Tanya Byrne is an award-winning author and freelance editor. Her books have been published around the world and have been translated into Spanish, German, Italian and Polish. She left the BBC in 2011 to write her debut novel, 'Heart-shaped Bruise', which was published the following year and earned her a nomination for New Writer of the Year at the National Book Awards. Since then, she has published five more novels and has contributed to several short story anthologies including 'A Change is Gonna Come', which was named Sunday Times Children's Book of the Week and was honoured with a Special Achievement Award by the YA Book Prize. Her most recent novel, Afterlove, was published in July and hit both the Waterstones and the Amazon bestseller lists. She regularly works with unpublished authors and is passionate about encouraging writers from marginalised backgrounds to tell their own stories and making publishing open for everyone.
Connor Allen is the Children’s Laureate Wales 2021-23. A multidisciplinary artist, he graduated from Trinity Saint David as an actor in 2013. He is a member of National Youth Theatre of Great Britain and was winner of Triforce’s Cardiff MonologueSlam in 2015, before going on to represent Wales at the national finals in London. As a writer he’s been a member of the BBC Wales’ Welsh Voices, The Welsh Royal Court and National Theatre Wales writing groups and has written for BBC Wales, BBC Radio 4, Sherman Theatre, Literature Wales and Dirty Protest. Most recently he won the Rising Star Wales Award 2021 and was a Jerwood Live Work Fund recipient. He is also Associate Artist of his hometown theatre The Riverfront in Newport.
Niall Griffiths was born in Liverpool and has lived in mid Wales for a quarter of a century. He is author of eight novels, two of which won the Welsh Book of the Year Award: 'Stump' (Penguin Random House / Vintage Publishing) in 2004 and 'Broken Ghost' (Jonathan Cape) in 2020. He has also authored memoirs, novellas, a collection of poetry, and more short stories, reviews, travel pieces and radio plays than he cares to, or possibly even can, count. His work has been translated into 20 languages, he has given readings on every continent except Antarctica, and the film adaption of his third novel, 'Kelly + Victor', won a BAFTA. He is Professor of Creative Writing at Wolverhampton University.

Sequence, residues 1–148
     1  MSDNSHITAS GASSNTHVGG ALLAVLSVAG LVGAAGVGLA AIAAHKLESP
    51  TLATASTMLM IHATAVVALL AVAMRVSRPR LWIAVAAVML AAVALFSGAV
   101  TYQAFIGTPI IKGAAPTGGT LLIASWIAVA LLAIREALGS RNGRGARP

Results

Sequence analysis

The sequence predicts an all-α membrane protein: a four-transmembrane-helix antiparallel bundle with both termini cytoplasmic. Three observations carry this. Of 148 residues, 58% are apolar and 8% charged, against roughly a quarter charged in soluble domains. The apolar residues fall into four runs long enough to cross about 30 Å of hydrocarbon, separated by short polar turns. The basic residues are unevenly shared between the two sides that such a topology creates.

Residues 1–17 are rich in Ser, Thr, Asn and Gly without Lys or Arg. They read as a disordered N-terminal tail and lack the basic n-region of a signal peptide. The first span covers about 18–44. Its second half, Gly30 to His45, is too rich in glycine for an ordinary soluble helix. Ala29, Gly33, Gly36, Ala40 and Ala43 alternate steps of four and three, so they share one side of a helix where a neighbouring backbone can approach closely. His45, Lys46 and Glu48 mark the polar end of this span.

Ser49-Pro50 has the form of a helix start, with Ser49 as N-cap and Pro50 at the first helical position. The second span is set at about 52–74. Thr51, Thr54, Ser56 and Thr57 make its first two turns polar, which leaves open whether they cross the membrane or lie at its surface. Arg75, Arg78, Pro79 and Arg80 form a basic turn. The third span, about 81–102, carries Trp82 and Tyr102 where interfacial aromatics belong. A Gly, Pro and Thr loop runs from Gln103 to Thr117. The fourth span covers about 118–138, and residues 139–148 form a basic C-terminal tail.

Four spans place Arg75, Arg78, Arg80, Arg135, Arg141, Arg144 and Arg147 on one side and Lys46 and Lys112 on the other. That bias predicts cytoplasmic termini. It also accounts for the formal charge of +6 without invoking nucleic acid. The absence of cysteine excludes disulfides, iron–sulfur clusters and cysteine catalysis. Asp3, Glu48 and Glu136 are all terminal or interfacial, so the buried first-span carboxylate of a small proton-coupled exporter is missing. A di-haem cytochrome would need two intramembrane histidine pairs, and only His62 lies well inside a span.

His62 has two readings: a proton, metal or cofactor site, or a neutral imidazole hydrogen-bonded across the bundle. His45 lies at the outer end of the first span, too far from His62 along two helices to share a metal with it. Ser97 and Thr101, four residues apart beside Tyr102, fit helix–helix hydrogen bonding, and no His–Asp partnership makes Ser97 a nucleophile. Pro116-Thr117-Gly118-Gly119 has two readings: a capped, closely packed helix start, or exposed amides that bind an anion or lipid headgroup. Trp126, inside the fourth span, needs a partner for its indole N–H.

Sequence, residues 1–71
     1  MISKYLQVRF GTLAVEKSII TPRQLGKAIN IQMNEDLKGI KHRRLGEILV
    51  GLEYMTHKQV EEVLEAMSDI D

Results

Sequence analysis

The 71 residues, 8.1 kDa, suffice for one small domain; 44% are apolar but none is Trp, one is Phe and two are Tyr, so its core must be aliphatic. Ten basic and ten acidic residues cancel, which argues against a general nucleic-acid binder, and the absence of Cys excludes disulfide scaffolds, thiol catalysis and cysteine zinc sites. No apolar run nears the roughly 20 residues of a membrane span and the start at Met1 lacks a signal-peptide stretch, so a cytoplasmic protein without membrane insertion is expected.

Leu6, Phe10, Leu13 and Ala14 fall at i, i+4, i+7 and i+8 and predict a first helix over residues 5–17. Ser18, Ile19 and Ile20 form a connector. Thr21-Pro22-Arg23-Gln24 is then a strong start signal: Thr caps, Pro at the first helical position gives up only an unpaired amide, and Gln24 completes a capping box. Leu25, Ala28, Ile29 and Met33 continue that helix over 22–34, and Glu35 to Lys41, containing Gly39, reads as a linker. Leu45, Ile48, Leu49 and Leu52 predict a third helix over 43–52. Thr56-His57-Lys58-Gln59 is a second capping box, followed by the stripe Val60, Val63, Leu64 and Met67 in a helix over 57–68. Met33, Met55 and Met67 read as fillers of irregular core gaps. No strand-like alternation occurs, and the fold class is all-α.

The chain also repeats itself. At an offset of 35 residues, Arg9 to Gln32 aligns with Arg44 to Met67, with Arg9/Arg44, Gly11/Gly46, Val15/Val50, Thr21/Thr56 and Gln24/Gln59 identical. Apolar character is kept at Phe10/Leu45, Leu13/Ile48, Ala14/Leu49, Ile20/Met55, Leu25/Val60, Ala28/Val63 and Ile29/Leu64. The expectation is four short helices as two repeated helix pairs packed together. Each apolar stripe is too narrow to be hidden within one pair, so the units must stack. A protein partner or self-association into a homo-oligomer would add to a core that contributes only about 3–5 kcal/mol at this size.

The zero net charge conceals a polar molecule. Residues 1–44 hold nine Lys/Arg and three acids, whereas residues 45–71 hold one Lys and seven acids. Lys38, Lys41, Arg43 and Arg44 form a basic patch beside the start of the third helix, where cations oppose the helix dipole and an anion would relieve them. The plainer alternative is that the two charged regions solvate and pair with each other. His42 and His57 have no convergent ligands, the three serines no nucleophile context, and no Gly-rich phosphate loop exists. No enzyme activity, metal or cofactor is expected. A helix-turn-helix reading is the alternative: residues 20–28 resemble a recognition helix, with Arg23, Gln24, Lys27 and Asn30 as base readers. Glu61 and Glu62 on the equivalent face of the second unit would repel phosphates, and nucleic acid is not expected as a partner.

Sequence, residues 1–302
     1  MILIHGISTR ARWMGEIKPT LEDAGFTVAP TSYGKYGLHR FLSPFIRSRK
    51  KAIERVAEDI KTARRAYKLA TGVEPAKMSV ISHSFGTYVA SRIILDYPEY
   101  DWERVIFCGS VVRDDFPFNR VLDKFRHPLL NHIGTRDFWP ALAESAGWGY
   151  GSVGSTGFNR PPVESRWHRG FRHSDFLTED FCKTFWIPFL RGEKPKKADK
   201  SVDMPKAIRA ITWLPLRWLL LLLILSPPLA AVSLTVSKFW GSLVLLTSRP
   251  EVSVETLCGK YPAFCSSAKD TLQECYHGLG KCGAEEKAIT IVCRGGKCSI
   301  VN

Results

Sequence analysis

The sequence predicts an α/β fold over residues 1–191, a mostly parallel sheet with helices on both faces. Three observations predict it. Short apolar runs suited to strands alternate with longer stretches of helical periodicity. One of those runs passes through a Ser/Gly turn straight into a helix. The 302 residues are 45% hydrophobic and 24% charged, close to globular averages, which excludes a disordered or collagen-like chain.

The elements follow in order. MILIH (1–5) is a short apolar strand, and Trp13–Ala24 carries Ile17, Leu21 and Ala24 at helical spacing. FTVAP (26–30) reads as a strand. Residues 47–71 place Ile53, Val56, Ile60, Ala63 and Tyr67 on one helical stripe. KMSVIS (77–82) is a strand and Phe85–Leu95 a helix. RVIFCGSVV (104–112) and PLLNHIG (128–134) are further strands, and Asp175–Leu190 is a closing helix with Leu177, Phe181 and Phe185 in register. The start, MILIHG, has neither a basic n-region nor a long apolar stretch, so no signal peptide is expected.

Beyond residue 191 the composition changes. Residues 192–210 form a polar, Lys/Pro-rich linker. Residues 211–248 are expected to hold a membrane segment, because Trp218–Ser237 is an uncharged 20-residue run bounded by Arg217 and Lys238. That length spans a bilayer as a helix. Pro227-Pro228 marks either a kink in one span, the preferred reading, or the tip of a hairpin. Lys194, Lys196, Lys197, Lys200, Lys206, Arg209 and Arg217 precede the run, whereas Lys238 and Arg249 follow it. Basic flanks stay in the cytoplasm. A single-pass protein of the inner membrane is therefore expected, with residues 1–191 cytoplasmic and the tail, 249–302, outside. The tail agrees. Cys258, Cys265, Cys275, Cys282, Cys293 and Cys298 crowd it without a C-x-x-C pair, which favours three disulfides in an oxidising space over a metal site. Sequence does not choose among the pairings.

Emma Smith-Barton was born in South Wales to Pakistani parents. Growing up between cultures has heavily influenced her writing and she is especially interested in exploring themes of identity and belonging. Before writing, she taught in secondary schools for six years and is passionate about increasing awareness of mental health in young people. She studied English and Creative Writing (BA) at The University of Warwick and has an MA in Creative Writing from Bath Spa University. Her short stories have appeared in various publications such as Mslexia and The Bristol Short Story Prize 2016 anthology (under her pseudonym for adult fiction, Amna Khokher). 'The Million Pieces of Neena Gill' (Penguin Random House, 2019), Emma's first novel for young adults, was shortlisted for the Waterstones Children's Book Prize 2020; the Branford Boase Award 2020; and the Romantic Novelists' Association Debut Romantic Novel 2020.
Iola Ynyr is a freelance artist specialising in theatre and digital work as a producer, innovator and dramatist. Her passion is to research and promote well-being through the arts and creativity. In partnership with Literature Wales and Theatr Genedlaethol Cymru, Iola was the founder of the Ar y Dibyn project aimed to help individuals living with addiction or dependency through the medium of Welsh. Iola is a Creative Agent with the national Lead Creative Schools Scheme, and is one of the Ynys Blastig artists, a project in Gwynedd looking at using the arts to promote wellness of the individual and the planet.